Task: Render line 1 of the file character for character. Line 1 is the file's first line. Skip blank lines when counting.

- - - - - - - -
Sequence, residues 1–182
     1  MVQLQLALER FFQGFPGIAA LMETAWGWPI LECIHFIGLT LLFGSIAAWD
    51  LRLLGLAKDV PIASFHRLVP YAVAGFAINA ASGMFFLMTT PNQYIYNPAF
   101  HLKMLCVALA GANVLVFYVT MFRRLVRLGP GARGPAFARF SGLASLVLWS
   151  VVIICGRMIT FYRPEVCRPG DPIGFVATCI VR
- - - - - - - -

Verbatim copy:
Sequence, residues 1–182